The Comparisons of The Stay at Home Parent: Development of Gender Dependency

Oh, this is a long title. Most of you probably decided to leave just from this title. All of my writing is a work in progress. I never complete a blog post it is only put on pause as I develop my ideas to add to ones I wrote about before. This blog post actually follows from a line of thinking that I had to deal with in a conversation with a gender essentialist that happened to be a libertarian as well (a more true libertarian, one that desired to go back to the roots of man/woman/child/adult/people, one that believed people should be left to themselves and that is the best way to organise for all).

I have my difference in my beliefs in comparison to the essentialist and one of the arguments we were having was in the way males and females react to being dependent or staying at home. Really we were talking about the capabilities of a male to be a caretaker, he believed that a caretaker is best seen in a woman and that it is her natural place. That women desire more often than not to stay at home. He was very careful to say that it is not that they ought to stay at home, it is just what they desire to do more than men and in the system that we live in today women aren’t able to do this more and more often and we have regulated these duties over towards the state; he was very careful to say that woman that do wish to act differently should be allowed to do what they wish and we had no disagreements there. What we disagreed with is the nature. What the nature of man/woman is.

I believe that the difference biologically between these binary categories are vastly overstated in our society to the point that they aren’t useful descriptors in many cases and often harm people more than help them. He believed that we have been ignoring the natural difference between these groups and economic force has acted to push people in to do things they otherwise would not do. The pieces of evidence he pointed to were the increases in depression for stay-at-home dads compared to mothers, the fact that women do not care as much about not being financially dependent compared to men and the higher amounts of men that prefer higher paying and more stressful work than women. He pointed me towards a Vice article on the subject that he probably hadn’t read. Why do I say he probably hadn’t read it? Because of the article’s clear indication that there are greater social reasons for the fact that more stay at home dads are depressed rather than essentialist ones. I mean it is right there in the subtitle:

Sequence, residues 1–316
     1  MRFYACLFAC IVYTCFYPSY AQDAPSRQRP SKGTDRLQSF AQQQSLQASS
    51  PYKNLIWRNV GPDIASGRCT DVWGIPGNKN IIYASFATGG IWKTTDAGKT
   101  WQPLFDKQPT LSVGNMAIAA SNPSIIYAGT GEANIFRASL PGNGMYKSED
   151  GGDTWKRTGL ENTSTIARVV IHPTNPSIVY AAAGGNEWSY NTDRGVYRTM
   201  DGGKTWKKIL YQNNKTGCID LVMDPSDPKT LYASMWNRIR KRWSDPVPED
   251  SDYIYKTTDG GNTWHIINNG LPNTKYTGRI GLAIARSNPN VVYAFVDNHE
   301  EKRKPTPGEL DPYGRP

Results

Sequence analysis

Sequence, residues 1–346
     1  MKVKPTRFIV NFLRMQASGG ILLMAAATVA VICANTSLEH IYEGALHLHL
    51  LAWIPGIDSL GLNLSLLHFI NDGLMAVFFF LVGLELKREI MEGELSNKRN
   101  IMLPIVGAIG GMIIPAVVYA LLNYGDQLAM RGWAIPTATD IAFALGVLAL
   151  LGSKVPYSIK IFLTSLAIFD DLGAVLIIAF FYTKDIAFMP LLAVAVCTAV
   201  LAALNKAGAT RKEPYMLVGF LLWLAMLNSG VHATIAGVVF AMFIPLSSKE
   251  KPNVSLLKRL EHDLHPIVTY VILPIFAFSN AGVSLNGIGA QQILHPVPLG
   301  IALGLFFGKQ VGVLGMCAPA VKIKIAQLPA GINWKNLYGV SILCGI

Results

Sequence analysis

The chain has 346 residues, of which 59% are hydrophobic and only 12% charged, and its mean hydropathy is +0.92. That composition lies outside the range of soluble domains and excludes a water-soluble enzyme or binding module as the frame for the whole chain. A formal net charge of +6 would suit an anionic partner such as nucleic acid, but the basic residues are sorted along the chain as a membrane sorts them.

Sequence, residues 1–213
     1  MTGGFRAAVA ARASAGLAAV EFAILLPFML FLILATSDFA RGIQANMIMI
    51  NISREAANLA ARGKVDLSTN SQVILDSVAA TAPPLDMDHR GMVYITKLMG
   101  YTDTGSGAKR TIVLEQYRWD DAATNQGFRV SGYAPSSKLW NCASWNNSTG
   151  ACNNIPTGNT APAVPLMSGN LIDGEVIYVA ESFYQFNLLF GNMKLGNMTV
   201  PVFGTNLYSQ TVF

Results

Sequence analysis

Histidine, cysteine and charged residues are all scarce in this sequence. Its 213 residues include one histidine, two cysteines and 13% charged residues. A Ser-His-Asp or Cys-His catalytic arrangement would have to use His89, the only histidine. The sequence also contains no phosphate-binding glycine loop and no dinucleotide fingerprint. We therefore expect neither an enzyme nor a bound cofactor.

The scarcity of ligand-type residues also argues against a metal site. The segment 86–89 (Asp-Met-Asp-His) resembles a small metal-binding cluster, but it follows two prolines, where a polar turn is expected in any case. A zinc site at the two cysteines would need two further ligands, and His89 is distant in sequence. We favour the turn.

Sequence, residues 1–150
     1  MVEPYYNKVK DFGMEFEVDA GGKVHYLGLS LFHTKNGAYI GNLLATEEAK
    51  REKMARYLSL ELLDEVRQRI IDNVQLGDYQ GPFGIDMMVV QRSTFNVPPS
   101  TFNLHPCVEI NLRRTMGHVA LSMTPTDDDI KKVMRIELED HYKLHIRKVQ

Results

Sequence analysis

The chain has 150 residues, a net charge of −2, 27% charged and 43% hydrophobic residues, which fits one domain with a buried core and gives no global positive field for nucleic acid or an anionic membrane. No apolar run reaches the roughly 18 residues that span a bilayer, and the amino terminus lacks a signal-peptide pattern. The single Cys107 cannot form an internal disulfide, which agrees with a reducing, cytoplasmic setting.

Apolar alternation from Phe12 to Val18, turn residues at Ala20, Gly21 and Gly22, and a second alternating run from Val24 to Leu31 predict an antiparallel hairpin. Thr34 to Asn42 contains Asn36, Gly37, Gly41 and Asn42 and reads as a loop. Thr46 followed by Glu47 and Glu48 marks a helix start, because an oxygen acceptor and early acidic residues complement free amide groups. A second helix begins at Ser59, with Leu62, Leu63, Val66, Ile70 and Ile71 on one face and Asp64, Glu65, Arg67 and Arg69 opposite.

Strangers are suspicious, our friends are patronizing, and stay-at-home moms often won’t let you into their club.

None of these things require biology to explain most of these facts. Which then begs the question: if women can better deal with the problems of stay at home parenthood because they don’t have to deal with this, what were the internal social views of most people when it comes to financial dependence before? How has this affected our view of women? Okay, maybe it doesn’t beg that question but that is the one that I found asking myself while reading this article. I have been reading a lot of anthropology recently and I suppose it has the effect of always leading you to ask: how did this or that cultural belief arise and develop, how did the first people who had to deal with it feel, how did they react? I just kept theorizing since I couldn’t do the research myself. I admit the rest of this is somewhat based on conjecture.